etymology of puja

Michael Witzel witzel at FAS.HARVARD.EDU
Mon Dec 10 12:40:21 UTC 2001

J. Silk asked:
>I have recently read Jarl Charpentier's 1927 paper in Indian
>Antiquary on the meaning and etymology of puujaa.  I found it rather
>strange. He connects it with 'smearing,' making a rather big deal of
>the smearing of images etc with things like red powders etc. There
>must be more convincing discussions of the history of this word, no?

No.  Not convincing ones, that is.

Charpentier's has entered the Skt. etym. dictionaries of Manfred Mayrhofer
(KEWA, EWA), and, of course, 'smearing' has been the practice for many
centuries,  if not for some 2000 years.

KEWA: Mayrhofer, M. Kurzgefasstes etymologisches Wörterbuch des
Altindischen. Heidelberg 1956-1976.

EWA:  ---,  Etymologisches Wörterbuch des Altindoarischen. Heidelberg 1986-96

However, the word is much older than that, though this is unnoticed.

I found it, to my surprise, even in the Rgveda (8.18.12) where Indra (or
the poet's grandchild??) is called s'Aci-pUjana '(belonging to/derived
from) honoring of/by/the power'
(NB: s'acI/s'Aci-  is not = Indra's wife, s'acI, that's a later invention
based on such words:  Indra s'acI-pati  'lord of strength'  --> "husband of
*S'acI"; rather, she is called ... indraaNI, "the Indrian one" -- so much
for equality in the Vedas) .

After this single early  passage, pUj(ana)  is found a few more times in
Vedic texts, until it emerges as a verb in late Vedic, etc.,"to honor,
worship". (For details see my paper in WZKS  24, 1980, 37 sqq.) -

Nothing is said about the early manner of worship, though. As is well
known, there are no images/statues of gods in that period. No 'smearing'
then, at least in 'official', recorded worship. What may have happened on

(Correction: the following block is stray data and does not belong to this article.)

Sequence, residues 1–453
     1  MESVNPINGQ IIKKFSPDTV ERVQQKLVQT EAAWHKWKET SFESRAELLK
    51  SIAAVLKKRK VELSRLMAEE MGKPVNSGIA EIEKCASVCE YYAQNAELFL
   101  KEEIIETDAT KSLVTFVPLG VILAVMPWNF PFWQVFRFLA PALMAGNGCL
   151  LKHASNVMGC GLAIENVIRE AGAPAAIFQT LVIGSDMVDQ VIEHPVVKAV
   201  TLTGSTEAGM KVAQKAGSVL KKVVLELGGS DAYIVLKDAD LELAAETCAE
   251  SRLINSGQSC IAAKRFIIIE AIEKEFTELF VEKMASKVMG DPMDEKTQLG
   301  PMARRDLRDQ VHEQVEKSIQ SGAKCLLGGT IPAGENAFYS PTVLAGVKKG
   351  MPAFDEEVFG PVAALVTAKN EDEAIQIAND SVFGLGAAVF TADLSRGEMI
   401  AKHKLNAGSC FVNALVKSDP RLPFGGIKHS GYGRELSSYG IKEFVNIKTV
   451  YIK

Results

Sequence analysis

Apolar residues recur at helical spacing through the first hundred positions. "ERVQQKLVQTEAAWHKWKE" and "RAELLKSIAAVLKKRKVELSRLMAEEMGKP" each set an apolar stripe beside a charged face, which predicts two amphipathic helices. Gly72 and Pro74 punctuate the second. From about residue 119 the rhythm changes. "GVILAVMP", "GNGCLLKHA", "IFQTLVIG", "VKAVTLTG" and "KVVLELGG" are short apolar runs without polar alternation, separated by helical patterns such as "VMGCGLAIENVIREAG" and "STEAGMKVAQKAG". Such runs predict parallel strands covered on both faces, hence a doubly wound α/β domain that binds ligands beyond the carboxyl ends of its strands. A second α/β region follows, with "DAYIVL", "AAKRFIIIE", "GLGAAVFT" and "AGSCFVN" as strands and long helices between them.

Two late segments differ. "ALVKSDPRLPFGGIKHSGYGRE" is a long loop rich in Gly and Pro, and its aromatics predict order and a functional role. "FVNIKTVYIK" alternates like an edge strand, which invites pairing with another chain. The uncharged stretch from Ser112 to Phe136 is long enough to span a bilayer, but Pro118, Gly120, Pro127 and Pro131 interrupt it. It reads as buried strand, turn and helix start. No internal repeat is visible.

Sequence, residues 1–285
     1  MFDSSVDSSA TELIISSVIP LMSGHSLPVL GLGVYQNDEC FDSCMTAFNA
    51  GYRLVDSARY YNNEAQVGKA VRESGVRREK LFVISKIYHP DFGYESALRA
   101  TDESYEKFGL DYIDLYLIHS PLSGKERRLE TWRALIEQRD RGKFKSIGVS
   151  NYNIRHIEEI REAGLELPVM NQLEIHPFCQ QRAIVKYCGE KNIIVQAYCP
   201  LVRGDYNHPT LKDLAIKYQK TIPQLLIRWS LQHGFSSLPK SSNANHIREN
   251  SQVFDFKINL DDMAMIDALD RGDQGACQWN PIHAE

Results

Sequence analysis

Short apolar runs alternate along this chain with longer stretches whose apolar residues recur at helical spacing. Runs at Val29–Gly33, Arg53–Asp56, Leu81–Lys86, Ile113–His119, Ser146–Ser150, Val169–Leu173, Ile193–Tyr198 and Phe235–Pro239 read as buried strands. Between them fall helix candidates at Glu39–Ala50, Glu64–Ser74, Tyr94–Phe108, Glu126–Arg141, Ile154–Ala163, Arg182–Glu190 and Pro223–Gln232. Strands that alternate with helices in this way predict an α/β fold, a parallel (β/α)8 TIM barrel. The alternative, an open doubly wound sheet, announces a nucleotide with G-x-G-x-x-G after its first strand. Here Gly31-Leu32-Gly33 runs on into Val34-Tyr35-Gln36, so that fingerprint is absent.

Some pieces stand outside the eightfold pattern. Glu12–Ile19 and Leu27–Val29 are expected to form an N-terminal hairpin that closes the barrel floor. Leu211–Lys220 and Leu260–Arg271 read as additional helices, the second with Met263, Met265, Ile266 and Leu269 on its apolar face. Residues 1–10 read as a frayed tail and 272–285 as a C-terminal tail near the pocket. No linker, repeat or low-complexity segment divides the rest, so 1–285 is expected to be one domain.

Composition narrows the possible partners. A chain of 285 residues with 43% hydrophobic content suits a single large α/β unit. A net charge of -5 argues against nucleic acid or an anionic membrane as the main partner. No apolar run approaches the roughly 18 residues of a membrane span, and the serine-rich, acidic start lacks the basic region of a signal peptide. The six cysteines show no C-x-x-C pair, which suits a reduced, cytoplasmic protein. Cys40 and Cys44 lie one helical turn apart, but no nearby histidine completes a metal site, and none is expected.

the popular level, we do not know, --- that is until the Pali texts and
Patanjali's reference to Mauryan statues,  plus the earliest, more or less
contemporary, Yaksa stone figures (omni-present terra-cotta figures of
'mother goddesses' are another matter...)

It has to be noted, though, that the main, basic structure of Vedic ritual
is the same as in modern puja: inviting, honoring/feeding  and sending the
guest off -- until next time. Sometimes this structure is still known to
modern people (as in Akos Ostor's W. Bengal town).

Back to the etymology.

Apart from Charpentier's Drav. etymology (in fact Drav. has borrowed from
Indo-Aryan, see: Emeneau-Burrow, Dravidian Borrowings from IA, Berkely
1962, p. 51 !  And note that puc etc.  usually means "to perform  the act
of worship..."),

Thieme (ZDMG 93, 1939, 105 sqq= Kleine Schriften p.343, 792) has proposed
an IA etym. from prnc 'to mix' (the drink offered to a guest). However, --
gurunindA! -- the development from Ved. prnc to Middle Ind. pUj is
impossible (as such, once criticized by Katre, I think), and certainly too
early for the Rgveda.

The origin of the word thus remains in the balance; including that of  a
rather hypothetical IE *pug/pUg  -- rejected  Mayrhofer EWA II, 154,  who
lists some more proposals;  cf. also Turner, CDIAL 8316:  *pujja?  from
pUr- 'to give, nourish', also rejected in EWA on hist. grounds.

See: CDIAL:  R.L. Turner, A comparative dictionary of the Indo-Aryan
languages, London (Oxford University Press) 1966

We may have to reckon with a local Panjab word at c.1200 BCE or so.

For such words, see EJVS  5-1, Sept. 1999:
also in pdf:
or compare a largely similar paper in Mother Tongue, in pdf:

Michael Witzel
Department of Sanskrit & Indian Studies, Harvard University
2 Divinity Avenue, Cambridge MA 02138, USA

ph. 1- 617-496 2990 (also messages)
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